Outside the house, I wanted to be in 12 places at once. I would start sorting one thing, and halfway through get caught up with another. I would look around and make mental notes like “Okay we need to re-string that barbed wire fence, I need to take that old tiller for scrap, which reminds me of the trailer frame behind the coop that needs to go too. I’ll have to get the trailer lights fixed. I can get a new shovel while I’m at Lowe’s, Sadie can go with me and we can pick out paint for the dining room. That toilet next to the chicken coop needs to go to the dump, so does that old Jacuzzi my Uncle salvaged from cleaning out a house years ago. I should mow. I should weed-whack the front bank. I should clean fence-rows. I should gather fire wood. It’s past lunch, I need to eat something.”

You get the idea. I was like a kid in a candy shop. I wanted to do anything and everything all at once. The first few months I lived here, I had enough money saved and didn’t have to find a job immediately. Those June days were long and full and wonderful. I learned a lot. I learned to wear the right boots for whatever job I needed to accomplish. I learned to drink a lot of water, a lot of Gatorade. It didn’t wake me long to discover that no matter how efficient I was, I had to stop and eat at some point.

There wasn’t really a routine at first, it was just all-out cleaning, sorting, and trips to the county dump. Sadie didn’t have to be at work until 11, so we would make breakfast for Nana, eat together, and feed the animals. Once she left, I went out the back door and stayed busy until 9pm. When she got home, we would eat together and I would tell her and Nana what I got into that day. It usually involved a trip to the dump, scrap yard, or thrift store, cleaning the barn, mowing, burning brush,going to the feed store, getting gasoline for the ATV, stopping by Lowe’s, you name it. After we ate I would stretch out in Nana’s bed, bone tired, and head spinning with what I could do the next day. Nana would pat my leg, smile and nod. She was married to a farmer – she knew.

I don’t want it to seem like Sadie and Jack did not take care of the farm. Don’t read this and think I came to the farm and saved it. It saved me. Sadie an Jack farmed together longer than I have been alive. They put out huge gardens, canned it all, cut hay off the pasture, raised battle calves, had goats, chickens, and a team of Belgian horses. They cut and hauled wood, my Aunt cooked for every church pot-luck, and my Uncle was a master carpenter. They were a force to be reckoned with, and I would not be here without them.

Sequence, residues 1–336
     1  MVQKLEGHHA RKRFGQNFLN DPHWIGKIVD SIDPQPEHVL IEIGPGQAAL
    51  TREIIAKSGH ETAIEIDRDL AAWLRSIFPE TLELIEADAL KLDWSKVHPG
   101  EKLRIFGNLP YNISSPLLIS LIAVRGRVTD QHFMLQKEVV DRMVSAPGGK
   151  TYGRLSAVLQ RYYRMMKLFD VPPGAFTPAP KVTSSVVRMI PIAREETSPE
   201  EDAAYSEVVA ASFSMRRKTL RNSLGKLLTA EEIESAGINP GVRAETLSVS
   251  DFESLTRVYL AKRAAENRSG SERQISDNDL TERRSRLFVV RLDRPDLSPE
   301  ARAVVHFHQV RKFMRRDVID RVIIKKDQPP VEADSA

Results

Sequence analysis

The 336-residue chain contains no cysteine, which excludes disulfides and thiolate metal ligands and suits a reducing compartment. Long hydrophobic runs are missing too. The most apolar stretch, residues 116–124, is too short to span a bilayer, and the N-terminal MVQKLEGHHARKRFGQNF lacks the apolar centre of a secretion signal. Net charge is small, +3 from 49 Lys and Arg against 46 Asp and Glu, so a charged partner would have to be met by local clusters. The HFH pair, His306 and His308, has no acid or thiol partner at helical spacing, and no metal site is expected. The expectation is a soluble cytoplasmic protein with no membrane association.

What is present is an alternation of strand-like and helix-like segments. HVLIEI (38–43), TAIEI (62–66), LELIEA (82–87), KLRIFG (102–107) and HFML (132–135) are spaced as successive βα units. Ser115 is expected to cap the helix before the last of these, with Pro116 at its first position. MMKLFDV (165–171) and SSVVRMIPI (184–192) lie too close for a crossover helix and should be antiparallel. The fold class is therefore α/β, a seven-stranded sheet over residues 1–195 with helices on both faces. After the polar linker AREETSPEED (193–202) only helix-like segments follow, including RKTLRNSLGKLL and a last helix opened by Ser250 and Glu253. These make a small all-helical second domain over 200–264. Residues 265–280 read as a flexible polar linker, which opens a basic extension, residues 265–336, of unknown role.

After my Grandfather died, my Nana moved to the farm. Then my Uncle retired and his health began to fail. He had COPD, which is a horrible thing. Sadie worked full time, cooked and cleaned and took care of both of them, and still managed to raise chickens and keep horses. I don’t know how she did it – I certainly couldn’t. Then my Uncle James moved in to help care for the farm, and really started bringing the farm back to life.

We lost both of my Uncle’s within 3 months of each other. That’s when I knew, I knew that I needed to move here and help. And I haven’t regretted one minute of the crazy, sweaty, muddy, blistered and splintered thing. Sadie has taught me so much in these past 20-odd months. She is a rock, and this place would not still be here without her.

My friends visiting didn’t know much of this, they didn’t see the old tractor we sold, the old go-carts I scrapped for metal, the dog-lot fence I ripped down one Friday afternoon with a crow-bar. They didn’t see the hole in the shower wall, the floral wallpaper, or the old blue leather couch that we replaced with a beautiful antique one. The hours my mother spent hanging paintings and curtains, cleaning window sills with toothbrushes, or all the gallons of paint my family went through helping me paint over old paneling, yellow walls and patched drywall.

They didn’t see the old trees or stumps we cut down, hauled, and burned. A pasture full of sleek Quarter Horses that my Uncle left behind, the 14 horses we sold to other families, or his big green truck in the driveway. I hate that they didn’t get to meet my Nana, her beautiful blue eyes or her soft, wrinkled hands holding theirs.

But they got to see the young green grass coming up from the ground.They saw the trees in bloom, and a house that has become our new home. They saw my 40-some chickens, our happy cats and dogs, our 3 shedding horses and our fat donkey. They saw a full and rushing creek, the knockout roses we planted around the house, the shed stocked with wood for winter, and a pantry stocked with canned veggies from our garden.

I hope they saw the beauty that I see. I hope they understand why I moved here, why I could never imagine leaving, and what I mean when I saw this place saved me. There is still more to do, there always is, and that’s part of the reason I love it. I am needed, I am grounded, and I am responsible for this land and these animals. I want to build stalls in the barn, I want to build a new chicken coop, to re-side our house and plant more roses. There are more callouses and splinters to come, and I am looking forward to every single one of them.